The rapid progress and plummeting costs of human-genome sequencing enable the availability of large amount of personal biomedical information, leading to one of the most important concerns — genomic data privacy. Since personal biomedical data are highly correlated with relatives, with the increasing availability of genomes and personal traits online (i.e., leakage unwittingly, or after their releasing intentionally to genetic service platforms), kin-genomic data privacy is threatened. We propose new inference attacks to predict unknown Single Nucleotide Polymorphisms (SNPs) and human traits of individuals in a familial genomic dataset based on probabilistic graphical models and belief propagation. With this method, the adversary can predict the unobserved genomes or traits of targeted individuals in a family genomic dataset where some individuals’ genomes and traits are observed, relying on SNP-trait association from Genome-Wide Association Study (GWAS), Mendel’s Laws, and statistical relations between SNPs. Existing genome inferences have relatively high computational complexity with the input of tens of millions of SNPs and human traits. Then, we propose an approach to publish genomic data with differential privacy guarantee. After finding an approximate distribution of the input genomic dataset relying on Bayesian networks, a noisy distribution is obtained after injecting noise into the approximate distribution. Finally, synthetic genomic dataset is sampled and it is proved that any query on synthetic dataset satisfies differential privacy guarantee.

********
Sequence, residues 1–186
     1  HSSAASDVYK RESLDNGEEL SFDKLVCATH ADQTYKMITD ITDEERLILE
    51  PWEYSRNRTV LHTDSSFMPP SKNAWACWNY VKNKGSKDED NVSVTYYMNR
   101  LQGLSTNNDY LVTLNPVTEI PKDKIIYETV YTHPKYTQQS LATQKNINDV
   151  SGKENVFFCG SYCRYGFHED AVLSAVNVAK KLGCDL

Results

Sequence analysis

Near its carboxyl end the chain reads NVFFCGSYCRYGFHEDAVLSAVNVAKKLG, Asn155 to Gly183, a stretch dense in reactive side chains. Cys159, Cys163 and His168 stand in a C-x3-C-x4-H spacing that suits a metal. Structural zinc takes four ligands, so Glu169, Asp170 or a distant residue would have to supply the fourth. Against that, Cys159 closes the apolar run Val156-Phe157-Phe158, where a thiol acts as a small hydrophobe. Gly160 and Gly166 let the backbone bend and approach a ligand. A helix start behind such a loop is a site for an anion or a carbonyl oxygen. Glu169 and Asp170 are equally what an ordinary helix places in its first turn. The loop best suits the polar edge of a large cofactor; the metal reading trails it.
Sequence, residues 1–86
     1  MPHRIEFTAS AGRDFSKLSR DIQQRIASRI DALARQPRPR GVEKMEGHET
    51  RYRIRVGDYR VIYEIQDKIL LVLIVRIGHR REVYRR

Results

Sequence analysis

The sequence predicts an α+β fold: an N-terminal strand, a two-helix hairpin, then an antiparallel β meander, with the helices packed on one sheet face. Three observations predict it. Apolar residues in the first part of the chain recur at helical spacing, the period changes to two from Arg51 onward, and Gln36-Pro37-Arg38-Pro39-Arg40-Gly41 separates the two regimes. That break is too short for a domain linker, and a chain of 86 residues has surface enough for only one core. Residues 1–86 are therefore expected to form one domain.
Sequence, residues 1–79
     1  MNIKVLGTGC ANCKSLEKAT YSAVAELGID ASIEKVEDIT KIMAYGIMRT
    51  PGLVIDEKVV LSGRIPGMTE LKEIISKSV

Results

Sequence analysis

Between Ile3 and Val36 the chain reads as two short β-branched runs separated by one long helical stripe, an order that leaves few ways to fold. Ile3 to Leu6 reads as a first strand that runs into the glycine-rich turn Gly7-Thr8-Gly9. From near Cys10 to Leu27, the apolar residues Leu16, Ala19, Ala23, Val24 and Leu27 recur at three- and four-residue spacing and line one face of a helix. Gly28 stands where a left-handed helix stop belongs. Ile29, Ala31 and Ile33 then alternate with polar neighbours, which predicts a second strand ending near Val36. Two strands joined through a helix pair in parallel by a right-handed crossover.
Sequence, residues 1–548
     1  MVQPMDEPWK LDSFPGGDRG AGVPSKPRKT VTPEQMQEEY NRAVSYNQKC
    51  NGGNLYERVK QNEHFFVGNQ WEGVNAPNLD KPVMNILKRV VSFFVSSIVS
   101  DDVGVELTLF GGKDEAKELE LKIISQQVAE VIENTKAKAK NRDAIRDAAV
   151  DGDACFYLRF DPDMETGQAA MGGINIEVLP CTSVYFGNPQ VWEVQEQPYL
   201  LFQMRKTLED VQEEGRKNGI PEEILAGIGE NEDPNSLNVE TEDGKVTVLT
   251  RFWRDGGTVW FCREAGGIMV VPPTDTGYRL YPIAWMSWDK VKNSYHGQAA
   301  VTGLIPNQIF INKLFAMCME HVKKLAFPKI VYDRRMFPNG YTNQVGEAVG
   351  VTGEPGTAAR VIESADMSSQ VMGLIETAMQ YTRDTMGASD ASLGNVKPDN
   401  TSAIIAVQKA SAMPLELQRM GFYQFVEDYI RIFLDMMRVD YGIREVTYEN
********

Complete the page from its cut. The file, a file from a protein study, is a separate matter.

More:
The articles published in this open access journal are distributed under the terms of the Creative Commons Attribution 4.0 International License (http://creativecommons.org/licenses/by/4.0/).
Reprints and Permission requests may be sought directly from editorial office.